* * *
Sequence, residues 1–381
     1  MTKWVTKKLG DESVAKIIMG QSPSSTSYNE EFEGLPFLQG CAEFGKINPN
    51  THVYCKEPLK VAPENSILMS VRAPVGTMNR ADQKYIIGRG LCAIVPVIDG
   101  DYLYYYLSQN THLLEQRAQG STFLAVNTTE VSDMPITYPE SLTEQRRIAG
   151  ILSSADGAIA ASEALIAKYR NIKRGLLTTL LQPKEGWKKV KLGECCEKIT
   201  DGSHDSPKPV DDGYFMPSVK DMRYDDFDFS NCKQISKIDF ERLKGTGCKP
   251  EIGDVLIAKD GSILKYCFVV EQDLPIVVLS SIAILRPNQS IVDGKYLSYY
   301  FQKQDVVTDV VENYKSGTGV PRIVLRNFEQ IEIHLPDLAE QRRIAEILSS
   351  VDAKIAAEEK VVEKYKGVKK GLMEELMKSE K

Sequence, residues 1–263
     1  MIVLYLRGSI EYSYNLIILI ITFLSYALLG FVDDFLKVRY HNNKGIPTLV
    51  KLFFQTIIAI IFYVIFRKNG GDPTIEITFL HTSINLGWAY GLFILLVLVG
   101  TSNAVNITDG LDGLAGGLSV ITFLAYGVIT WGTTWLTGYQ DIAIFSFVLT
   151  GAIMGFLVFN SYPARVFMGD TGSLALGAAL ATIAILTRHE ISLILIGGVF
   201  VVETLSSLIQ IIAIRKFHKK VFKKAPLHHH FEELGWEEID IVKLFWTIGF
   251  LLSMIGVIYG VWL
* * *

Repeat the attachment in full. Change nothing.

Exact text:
Sequence, residues 1–381
     1  MTKWVTKKLG DESVAKIIMG QSPSSTSYNE EFEGLPFLQG CAEFGKINPN
    51  THVYCKEPLK VAPENSILMS VRAPVGTMNR ADQKYIIGRG LCAIVPVIDG
   101  DYLYYYLSQN THLLEQRAQG STFLAVNTTE VSDMPITYPE SLTEQRRIAG
   151  ILSSADGAIA ASEALIAKYR NIKRGLLTTL LQPKEGWKKV KLGECCEKIT
   201  DGSHDSPKPV DDGYFMPSVK DMRYDDFDFS NCKQISKIDF ERLKGTGCKP
   251  EIGDVLIAKD GSILKYCFVV EQDLPIVVLS SIAILRPNQS IVDGKYLSYY
   301  FQKQDVVTDV VENYKSGTGV PRIVLRNFEQ IEIHLPDLAE QRRIAEILSS
   351  VDAKIAAEEK VVEKYKGVKK GLMEELMKSE K

Sequence, residues 1–263
     1  MIVLYLRGSI EYSYNLIILI ITFLSYALLG FVDDFLKVRY HNNKGIPTLV
    51  KLFFQTIIAI IFYVIFRKNG GDPTIEITFL HTSINLGWAY GLFILLVLVG
   101  TSNAVNITDG LDGLAGGLSV ITFLAYGVIT WGTTWLTGYQ DIAIFSFVLT
   151  GAIMGFLVFN SYPARVFMGD TGSLALGAAL ATIAILTRHE ISLILIGGVF
   201  VVETLSSLIQ IIAIRKFHKK VFKKAPLHHH FEELGWEEID IVKLFWTIGF
   251  LLSMIGVIYG VWL